1965 and all that jazz

Miron’s Israel Museum exhibition offers visitors a dose of nostalgia in its display of ‘60s era artifacts

By
April 18, 2015 21:31
Artifacts from 1965

Artifacts from 1965. (photo credit: Courtesy)

Aya Miron admits that, had she been consulted, she probably wouldn’t have chosen 1965 as the temporal basis for an exhibition. She notes however that, in the end, it all worked out quite happily.

Miron is the curator of the 1965 Today exhibition which opened at the Israel Museum last week.

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The show is yet another slot in the museum’s ongoing jubilee events and, as Miron gladly admits, once she got into the thick of things she got a lot out of the exercise.

“Historically, for this country, years like 1948, 1967, 1973 are much more significant but, of course, the museum opened 50 years ago. I did a lot of research for this exhibition and I learned a lot from the work, and the results.”

The exhibition wall texts add much to the spectator experience, and a quote from Dr. William Sandberg, one of the museum’s first artistic advisers, sets an appropriate relevant contemporary tone.

“The museum is not a place of escape to the past,” he noted several decades back.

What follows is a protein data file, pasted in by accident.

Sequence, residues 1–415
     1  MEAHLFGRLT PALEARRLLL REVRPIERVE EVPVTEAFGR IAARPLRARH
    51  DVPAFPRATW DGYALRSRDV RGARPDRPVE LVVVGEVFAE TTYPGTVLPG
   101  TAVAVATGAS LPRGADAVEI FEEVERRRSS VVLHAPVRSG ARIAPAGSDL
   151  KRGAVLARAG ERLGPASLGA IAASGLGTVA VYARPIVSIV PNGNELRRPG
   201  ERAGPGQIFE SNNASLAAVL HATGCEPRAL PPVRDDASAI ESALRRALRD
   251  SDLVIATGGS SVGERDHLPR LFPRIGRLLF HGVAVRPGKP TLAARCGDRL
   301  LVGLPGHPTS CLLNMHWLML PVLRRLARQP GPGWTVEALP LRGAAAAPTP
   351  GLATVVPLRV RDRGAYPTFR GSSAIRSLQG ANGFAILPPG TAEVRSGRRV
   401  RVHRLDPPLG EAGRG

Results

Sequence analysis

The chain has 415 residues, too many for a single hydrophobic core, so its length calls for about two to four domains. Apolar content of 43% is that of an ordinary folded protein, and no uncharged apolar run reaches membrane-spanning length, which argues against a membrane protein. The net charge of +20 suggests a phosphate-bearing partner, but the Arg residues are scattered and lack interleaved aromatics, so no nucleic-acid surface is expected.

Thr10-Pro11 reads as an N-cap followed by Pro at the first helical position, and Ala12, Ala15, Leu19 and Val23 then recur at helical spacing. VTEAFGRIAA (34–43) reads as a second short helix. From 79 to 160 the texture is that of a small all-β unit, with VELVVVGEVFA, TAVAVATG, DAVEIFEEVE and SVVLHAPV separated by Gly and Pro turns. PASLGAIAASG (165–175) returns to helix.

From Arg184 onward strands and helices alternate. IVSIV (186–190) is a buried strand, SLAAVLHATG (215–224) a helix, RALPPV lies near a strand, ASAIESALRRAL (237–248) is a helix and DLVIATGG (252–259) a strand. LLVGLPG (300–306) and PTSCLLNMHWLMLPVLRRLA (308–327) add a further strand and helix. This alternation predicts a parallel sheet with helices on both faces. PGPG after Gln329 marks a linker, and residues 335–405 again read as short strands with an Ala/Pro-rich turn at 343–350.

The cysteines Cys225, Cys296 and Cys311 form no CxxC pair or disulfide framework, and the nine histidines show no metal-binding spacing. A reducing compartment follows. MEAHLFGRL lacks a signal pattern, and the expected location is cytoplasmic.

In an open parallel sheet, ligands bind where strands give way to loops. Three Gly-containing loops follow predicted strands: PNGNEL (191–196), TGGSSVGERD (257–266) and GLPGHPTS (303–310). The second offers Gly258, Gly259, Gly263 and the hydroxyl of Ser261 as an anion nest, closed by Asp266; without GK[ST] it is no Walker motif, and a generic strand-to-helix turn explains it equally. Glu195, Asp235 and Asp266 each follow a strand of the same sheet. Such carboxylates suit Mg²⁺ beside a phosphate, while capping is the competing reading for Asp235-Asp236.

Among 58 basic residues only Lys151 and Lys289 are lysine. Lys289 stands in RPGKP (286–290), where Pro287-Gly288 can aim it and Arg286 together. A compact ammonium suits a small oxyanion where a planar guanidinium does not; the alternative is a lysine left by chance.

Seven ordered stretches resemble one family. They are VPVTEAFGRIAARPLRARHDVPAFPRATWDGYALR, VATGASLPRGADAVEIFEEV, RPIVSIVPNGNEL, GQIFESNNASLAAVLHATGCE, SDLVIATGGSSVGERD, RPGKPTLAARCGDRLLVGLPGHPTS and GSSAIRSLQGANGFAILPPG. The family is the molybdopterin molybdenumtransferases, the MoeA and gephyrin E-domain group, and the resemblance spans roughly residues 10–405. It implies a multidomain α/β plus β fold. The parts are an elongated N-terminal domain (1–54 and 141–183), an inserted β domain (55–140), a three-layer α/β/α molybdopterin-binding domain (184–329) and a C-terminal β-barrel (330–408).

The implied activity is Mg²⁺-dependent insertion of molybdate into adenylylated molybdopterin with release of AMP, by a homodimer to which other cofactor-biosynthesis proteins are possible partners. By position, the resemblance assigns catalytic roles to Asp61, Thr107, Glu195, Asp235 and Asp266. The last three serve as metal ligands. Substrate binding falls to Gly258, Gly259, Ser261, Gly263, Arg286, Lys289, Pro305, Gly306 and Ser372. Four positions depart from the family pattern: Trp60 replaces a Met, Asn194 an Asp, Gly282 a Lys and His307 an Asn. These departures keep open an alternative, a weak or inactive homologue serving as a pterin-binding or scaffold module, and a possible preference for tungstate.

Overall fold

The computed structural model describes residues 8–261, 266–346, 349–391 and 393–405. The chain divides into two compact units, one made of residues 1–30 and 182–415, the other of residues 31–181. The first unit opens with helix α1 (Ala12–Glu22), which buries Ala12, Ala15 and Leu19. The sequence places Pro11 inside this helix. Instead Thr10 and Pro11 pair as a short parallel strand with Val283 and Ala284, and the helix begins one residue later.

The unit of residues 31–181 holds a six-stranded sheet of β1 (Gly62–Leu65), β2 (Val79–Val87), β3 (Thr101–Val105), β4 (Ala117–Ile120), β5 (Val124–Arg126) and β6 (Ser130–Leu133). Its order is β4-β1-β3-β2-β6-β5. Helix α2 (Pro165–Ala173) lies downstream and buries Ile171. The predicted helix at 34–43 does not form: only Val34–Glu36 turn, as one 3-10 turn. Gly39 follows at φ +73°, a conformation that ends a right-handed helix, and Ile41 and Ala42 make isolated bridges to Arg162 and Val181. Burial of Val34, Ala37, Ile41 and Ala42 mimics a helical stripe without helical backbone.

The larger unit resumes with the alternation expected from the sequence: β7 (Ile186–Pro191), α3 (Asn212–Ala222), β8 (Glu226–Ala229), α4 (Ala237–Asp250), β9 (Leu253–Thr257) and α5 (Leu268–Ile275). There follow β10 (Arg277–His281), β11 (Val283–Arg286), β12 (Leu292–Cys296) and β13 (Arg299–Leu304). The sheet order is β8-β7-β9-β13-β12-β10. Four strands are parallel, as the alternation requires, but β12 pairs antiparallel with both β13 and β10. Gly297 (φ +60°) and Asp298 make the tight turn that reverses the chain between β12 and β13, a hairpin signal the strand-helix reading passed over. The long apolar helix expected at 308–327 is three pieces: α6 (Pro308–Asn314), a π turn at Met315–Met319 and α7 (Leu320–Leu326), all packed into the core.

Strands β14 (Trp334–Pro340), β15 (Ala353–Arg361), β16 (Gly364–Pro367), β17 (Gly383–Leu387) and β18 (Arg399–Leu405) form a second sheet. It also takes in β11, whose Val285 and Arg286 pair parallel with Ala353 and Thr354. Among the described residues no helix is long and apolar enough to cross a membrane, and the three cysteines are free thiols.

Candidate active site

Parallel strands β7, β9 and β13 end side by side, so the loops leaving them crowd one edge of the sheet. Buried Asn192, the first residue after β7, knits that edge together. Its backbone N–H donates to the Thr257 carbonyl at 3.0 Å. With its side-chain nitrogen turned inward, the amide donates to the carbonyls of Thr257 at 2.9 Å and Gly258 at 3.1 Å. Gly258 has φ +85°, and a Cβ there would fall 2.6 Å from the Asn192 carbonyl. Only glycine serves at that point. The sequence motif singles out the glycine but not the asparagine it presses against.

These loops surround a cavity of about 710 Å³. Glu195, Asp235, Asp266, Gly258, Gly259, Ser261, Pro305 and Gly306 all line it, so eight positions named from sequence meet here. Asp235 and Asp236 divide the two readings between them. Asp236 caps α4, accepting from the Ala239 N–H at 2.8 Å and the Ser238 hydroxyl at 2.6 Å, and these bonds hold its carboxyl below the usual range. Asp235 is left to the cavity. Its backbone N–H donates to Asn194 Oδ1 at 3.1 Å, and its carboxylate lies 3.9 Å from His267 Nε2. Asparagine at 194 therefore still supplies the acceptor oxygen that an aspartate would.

“Society is changing in every respect and we must remember this in our approach to contemporary art...The museum’s role is to help us feel equally at home in the present and in the past.”

As someone who remembers 1965, albeit as a child, many of the ready-made items on show certainly rang a bell. But the display is so well organized, and the products proffered in such an appealing manner, that even those who don’t have personal recollections of the era should be taken with the bright and breezy aesthetics of the mid-Sixties.

Miron clearly went for as wide a visual and artisanal spectrum as possible. There are furniture elements in there, as well as some blueand- white (Israeli made) clothes and fashion accessories which would not have looked out of place on Carnaby Street during the heyday of Swinging London, and a pack of El Al cigarettes. There are also a couple of motor scooters in the exhibition’s consumer section, including a white model with matching sidecar. “The motorbike was manufactured in Italy, but the sidecar was made in Israel,” Miron points out.